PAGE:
Salty Waitress is The Takeout’s advice column from a real-life waitress that will teach you how not to behave like a garbage person while dining out—and maybe in real life.
Dear Salty Waitress,
Sometimes I am conflicted between two choices on the menu. Or, I am too preoccupied by conversation to know what I want before the rest of the table decides. In these instances, I will ask for whatever the chef or server recommends. Is this indecisiveness too much pressure on the kitchen and staff? I rarely send the food back. Is this annoying? How should I proceed in the future?
I can sympathize. Just this past weekend, I almost ordered two brunch entrees because I couldn’t choose between crab cakes Benedict and blueberry pancakes. I want sweet and savory, ya know? Anyway, enough about my existential crises—but someone should really make a half-eggs-Bennie-half-pancake combo, just saying.
There’s nothing wrong with leaving certain decisions to the kitchen, especially when it comes to details like meat temperature. (If you don’t have a strong aversion to slightly pink duck or lamb or beef, it’s a good idea to order your meat the the doneness as the chef recommends.) Or if there are two specials and you’re really torn between them, the server might feel that one dish is more exciting than the other. If you happen to catch Maryland blue crabs in season, for example, your server might point out the narrow seasonality of those crustaceans and encourage you to order those over, say, a pork chop special.
But leaving your entire order up the staff is a big gamble, unless you’re a regular they know quite well. Best case scenario, they recommend something and you like it. Hurrah! But what about the flip side? Say the server recommends the mushroom ravioli, and after you take a few bites, you find them under-seasoned and bland. What can you do? Trying to send it back might be met with… a less-than-enthusiastic response. You made that bed when you handed control to someone else, so you don’t have much chance to pipe up with your displeasure.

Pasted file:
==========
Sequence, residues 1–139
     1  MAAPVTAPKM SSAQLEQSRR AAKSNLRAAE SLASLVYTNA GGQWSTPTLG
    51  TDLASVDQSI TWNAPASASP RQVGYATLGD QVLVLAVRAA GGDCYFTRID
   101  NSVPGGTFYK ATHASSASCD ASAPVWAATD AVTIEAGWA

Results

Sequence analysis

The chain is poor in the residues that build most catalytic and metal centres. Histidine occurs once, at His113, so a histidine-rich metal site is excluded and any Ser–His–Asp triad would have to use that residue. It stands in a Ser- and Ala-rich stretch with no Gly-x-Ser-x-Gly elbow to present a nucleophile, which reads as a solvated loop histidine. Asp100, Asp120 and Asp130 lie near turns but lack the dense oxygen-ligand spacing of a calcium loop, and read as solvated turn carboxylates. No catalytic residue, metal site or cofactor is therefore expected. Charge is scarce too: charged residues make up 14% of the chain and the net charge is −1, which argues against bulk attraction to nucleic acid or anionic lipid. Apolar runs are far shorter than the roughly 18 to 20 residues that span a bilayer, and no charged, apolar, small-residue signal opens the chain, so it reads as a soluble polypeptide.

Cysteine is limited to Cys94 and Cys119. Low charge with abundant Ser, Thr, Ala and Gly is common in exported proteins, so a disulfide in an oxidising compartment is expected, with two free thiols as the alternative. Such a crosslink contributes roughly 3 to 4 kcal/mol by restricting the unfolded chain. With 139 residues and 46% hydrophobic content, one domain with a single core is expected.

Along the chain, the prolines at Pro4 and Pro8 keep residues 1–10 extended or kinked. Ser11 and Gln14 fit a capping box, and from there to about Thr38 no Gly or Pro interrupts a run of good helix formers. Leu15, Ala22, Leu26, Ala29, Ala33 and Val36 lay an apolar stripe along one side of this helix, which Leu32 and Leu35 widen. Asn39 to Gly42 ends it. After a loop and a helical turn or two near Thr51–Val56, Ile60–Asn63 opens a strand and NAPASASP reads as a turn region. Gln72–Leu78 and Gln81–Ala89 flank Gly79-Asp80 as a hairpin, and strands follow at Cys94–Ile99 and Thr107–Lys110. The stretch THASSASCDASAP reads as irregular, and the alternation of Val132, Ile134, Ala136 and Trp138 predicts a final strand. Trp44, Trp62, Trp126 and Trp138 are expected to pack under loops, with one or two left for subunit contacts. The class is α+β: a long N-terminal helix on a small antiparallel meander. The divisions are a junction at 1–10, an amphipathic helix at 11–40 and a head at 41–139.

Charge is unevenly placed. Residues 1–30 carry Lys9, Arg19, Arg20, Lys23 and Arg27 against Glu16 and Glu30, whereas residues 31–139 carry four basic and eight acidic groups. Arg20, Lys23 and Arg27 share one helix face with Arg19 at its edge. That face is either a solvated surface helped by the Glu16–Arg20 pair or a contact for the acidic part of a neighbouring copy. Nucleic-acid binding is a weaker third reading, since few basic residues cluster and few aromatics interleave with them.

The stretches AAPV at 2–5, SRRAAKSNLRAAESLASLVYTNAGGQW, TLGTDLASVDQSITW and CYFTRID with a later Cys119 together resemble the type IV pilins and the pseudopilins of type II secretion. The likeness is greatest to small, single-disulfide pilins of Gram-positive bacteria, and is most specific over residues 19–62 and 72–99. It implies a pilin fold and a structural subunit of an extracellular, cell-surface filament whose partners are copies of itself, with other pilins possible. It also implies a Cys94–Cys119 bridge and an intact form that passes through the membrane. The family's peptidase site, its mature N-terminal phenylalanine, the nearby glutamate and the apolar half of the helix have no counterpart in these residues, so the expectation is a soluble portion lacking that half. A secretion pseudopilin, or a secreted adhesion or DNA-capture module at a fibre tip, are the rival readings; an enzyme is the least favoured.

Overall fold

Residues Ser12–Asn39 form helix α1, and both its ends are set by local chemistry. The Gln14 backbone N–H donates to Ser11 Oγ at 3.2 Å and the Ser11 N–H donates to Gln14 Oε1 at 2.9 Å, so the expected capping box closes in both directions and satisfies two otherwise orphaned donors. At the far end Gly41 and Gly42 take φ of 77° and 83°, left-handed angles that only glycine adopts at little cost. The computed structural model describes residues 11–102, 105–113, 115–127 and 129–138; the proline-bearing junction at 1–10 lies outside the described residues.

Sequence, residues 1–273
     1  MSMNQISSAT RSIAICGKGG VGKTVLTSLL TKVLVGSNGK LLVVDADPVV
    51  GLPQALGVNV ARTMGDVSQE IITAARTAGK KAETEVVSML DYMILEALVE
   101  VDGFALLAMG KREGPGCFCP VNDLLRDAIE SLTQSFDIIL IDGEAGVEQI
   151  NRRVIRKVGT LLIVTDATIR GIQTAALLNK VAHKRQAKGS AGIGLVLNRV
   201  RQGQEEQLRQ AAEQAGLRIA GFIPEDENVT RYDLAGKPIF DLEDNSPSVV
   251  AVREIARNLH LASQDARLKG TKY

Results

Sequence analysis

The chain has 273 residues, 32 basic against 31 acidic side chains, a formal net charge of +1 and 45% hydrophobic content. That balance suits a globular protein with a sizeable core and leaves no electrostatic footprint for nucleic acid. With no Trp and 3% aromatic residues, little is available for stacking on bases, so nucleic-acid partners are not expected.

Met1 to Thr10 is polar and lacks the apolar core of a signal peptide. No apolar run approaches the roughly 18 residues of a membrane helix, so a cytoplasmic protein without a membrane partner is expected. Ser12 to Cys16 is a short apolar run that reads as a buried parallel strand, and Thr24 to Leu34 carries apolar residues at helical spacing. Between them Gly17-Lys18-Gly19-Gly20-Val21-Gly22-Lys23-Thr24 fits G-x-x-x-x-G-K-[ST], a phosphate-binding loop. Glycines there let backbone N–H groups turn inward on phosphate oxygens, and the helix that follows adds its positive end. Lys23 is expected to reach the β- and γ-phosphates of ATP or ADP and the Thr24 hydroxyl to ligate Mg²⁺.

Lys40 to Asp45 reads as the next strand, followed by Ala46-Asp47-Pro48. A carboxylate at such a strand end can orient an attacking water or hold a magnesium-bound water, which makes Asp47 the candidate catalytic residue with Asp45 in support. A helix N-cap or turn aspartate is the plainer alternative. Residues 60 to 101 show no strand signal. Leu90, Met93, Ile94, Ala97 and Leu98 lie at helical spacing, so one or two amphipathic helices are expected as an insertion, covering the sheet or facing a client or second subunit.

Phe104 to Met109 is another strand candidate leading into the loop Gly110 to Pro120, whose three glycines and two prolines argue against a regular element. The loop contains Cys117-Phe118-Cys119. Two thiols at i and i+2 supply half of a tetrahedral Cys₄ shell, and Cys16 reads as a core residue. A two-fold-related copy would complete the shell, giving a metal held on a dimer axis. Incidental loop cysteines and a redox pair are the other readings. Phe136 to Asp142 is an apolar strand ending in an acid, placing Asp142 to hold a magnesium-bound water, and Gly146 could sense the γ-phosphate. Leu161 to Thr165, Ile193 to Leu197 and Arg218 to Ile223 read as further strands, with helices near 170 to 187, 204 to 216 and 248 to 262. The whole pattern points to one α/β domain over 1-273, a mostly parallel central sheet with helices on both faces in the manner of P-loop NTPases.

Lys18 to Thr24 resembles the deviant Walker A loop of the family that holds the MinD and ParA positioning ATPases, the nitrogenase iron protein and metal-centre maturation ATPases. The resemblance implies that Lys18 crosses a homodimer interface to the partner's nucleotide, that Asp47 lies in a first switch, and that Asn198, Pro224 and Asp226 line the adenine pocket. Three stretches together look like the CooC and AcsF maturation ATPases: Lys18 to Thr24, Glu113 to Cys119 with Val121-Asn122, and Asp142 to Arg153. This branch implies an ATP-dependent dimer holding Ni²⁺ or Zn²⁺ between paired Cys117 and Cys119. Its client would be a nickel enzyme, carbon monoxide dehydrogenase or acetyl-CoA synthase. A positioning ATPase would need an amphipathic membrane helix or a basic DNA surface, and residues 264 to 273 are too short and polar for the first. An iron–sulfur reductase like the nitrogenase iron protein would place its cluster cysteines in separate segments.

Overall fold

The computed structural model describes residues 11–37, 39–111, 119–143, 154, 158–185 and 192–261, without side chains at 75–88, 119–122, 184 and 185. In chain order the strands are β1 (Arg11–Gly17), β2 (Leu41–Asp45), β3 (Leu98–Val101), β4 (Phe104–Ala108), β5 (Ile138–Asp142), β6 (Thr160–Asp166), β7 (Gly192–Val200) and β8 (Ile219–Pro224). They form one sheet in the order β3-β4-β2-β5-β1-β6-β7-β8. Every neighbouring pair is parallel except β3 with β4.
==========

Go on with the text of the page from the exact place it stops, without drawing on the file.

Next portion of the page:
The exception may be, as I said, in a restaurant where you truly have a relationship with the chef and you can trust whatever comes out of the kitchen. I’ve known a few regulars who could come into the restaurant and say, “Let the chef cook for me,” but that’s rare. I also think it’s sometimes code for: “Have the chef do something special for me, because I am special,” which can be taxing for the kitchen on a busy night. That freedom might be a fun exercise for the chef on a slow Tuesday night, but on a Saturday, I often felt the kitchen would rather the table just ordered off the menu. And you better be a completely open-minded eater if you do this, by the way—no “Let the chef cook for me, except no shellfish—lobster is okay—wine sauces on the side, no steamed vegetables, and I’m allergic to mustard.”
In the future, I think it’s best to present the server with two dishes you’re torn between: “Would you recommend the lamb or the veal?” rather than just blindly asking them to choose your meal for you. I might be able to carry 12 wine glasses at a time, but I’m no mind-reader.
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